bathtub

Old Stuff

Children home all week. Busy, busy, busy. I’ve been cleaning up some files as I search for tax stuff. I found this old column I wrote (4 years ago), but could never quite find the right venue for. You’ll see why when you read it.

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My 2-year-old daughter, Boo, is a daddy’s girl. When he is at work, if she becomes even the slightest bit upset, she starts to repeat mournfully, “I need my Daddy to pick me up. I need my Daddy to pick me up.” The moment he walks in the door in the evening, she plasters herself to his body, utterly content. This might hurt my feelings if she were my first child, but she is my third, and her older brother and sister clung to me the way she clings to him, so I figure he is due. And it isn’t as though she has completely rejected me, because I still possess something he never will: breasts.

Boo loves my breasts. My breasts are probably the only things she loves more than Daddy. I nursed my older two children at this age as well, weaning the first when she around two years old and the second when he was almost three. They were both very fond of breastfeeding, but neither of them had this sort of attachment to my boobs. Boo has no interest in bottles, pacifiers, blankies or teddy bears. She does not need any of them, because she has my breasts.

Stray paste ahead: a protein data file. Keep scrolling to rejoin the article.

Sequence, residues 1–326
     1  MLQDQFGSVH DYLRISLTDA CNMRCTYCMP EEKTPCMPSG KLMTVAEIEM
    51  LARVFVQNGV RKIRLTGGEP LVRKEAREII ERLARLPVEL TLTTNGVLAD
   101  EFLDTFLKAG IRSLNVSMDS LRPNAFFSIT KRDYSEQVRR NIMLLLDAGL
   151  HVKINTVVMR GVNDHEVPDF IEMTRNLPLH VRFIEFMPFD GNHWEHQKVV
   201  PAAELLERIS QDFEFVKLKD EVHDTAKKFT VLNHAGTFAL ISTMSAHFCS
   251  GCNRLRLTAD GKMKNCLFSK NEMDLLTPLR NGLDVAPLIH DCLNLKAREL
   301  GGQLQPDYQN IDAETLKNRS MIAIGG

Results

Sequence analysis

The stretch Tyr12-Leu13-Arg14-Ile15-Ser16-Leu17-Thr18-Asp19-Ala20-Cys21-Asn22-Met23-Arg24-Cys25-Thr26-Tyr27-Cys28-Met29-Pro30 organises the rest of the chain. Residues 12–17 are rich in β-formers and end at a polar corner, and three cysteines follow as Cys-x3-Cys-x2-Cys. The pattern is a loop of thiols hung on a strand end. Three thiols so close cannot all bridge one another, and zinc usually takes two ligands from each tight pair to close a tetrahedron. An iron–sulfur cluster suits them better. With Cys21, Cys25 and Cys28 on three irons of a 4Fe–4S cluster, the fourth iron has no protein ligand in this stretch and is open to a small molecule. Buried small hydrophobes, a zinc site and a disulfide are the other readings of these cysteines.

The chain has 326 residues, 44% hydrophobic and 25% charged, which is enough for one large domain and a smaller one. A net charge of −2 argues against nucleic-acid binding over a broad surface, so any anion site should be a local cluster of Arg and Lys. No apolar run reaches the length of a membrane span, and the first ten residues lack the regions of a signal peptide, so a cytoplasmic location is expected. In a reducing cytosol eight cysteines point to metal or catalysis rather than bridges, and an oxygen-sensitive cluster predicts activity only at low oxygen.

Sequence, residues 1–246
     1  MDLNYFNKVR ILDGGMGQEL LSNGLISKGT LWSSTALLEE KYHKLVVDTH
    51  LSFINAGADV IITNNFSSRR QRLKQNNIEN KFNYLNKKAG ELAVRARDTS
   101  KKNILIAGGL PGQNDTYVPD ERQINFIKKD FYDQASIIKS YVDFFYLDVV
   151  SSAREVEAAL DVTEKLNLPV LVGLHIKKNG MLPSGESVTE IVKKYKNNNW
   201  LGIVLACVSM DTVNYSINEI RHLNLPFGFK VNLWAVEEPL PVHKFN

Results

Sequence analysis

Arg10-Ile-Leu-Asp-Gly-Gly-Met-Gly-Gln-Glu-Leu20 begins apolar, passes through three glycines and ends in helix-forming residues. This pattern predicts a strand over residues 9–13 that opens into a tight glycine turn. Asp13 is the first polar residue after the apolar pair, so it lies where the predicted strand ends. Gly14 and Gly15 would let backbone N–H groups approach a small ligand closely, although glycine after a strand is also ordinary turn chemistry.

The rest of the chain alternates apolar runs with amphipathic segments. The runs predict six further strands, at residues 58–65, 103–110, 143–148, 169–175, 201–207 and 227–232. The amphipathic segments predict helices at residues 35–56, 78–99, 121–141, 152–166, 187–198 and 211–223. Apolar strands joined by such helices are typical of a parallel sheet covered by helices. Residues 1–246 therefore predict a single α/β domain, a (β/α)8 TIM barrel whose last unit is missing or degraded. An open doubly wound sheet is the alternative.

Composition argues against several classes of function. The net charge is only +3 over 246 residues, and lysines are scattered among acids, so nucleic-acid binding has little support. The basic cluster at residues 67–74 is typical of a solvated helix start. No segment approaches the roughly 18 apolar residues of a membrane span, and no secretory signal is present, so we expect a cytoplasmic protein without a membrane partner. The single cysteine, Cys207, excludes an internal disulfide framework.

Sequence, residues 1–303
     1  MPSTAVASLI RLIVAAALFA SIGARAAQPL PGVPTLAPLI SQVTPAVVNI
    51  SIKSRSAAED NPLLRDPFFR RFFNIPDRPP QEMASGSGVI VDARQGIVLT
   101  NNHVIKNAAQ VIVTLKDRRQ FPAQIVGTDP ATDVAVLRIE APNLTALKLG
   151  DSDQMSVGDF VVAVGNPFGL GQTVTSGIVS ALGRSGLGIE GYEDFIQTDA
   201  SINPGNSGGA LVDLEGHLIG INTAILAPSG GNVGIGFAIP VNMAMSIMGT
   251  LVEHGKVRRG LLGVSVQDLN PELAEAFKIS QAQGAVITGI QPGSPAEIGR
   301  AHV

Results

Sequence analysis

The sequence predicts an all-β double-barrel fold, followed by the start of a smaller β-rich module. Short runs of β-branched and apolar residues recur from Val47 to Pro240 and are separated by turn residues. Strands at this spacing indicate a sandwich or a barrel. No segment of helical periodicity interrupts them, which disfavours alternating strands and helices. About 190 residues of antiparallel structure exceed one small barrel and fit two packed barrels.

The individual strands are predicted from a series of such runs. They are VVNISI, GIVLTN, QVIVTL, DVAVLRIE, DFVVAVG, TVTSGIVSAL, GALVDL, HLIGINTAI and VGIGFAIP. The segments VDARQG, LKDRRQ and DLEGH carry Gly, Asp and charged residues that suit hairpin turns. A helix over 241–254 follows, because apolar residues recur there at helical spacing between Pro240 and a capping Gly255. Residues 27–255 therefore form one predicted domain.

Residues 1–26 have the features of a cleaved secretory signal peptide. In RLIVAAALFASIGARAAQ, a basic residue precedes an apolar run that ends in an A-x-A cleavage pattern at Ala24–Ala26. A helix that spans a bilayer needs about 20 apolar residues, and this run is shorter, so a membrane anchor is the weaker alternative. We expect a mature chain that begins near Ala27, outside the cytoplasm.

Not long ago, Boo developed a bad cold and became completely congested, and found out that if you can’t breath through your nose, you can’t breastfeed. She would try valiantly, sucking for a moment or two before giving up and laying her head down on my naked boob. She would instead use it as a pillow as she went to sleep. It had to be naked.

She has also now taken to kissing the offered breast affectionately before she starts to nurse. When she is finished, she waves at my chest and says, “Bye-bye my bweast.” Yes, I think that is weird. If I dare to suggest that they are, in fact, my breasts, she glares at me. “No! MY boobies.”

It gets weirder. Boo has discovered that my breasts make amusing playmates. Like her older siblings before her, and probably countless other breastfeeding toddlers, Boo one day handed me one of her baby dolls and ordered, “Nurse baby!” I obligingly held the doll up to my shirt. “No!” she yelled. “Nurse baby!” I sighed, lifted up my shirt, and stuffed the doll under. Boo smiled happily at me. “Num, num, num,” she said. Apparently, the baby doll approved.

Having mom nurse a doll might be pretty standard behaviour, but Boo has now gone way beyond that. Several days later, as I was cleaning up the kids’ toys in their room, she handed me a purple crayon, “Nurse dis,” she ordered me. “Boo, that is a crayon,” I informed her. “Nurse dis!” she yelled. Then she started to shriek in outrage when I did not immediately comply. I grabbed the crayon from her hand and stuffed it under my shirt. I discovered that crayons can be neatly tucked into a bra. Boo smiled. Num, num, num.

Then she picked up a yellow crayon. “Dis!” she ordered. I played dumb. “This what?” I asked. “Nurse dis!” I took the crayon and tucked it into the other side of my bra. By the time I finished cleaning up the room, I had four crayons and a coloured pencil stuffed down there. Since Boo has figured out that she can convince me to breastfeed practically anything as long as she screams loudly enough, I have nursed hot wheels cars, a duck from the bathtub (dry), cups from a tea set, a small plastic dog, foam alphabet letters, marbles and countless crayons.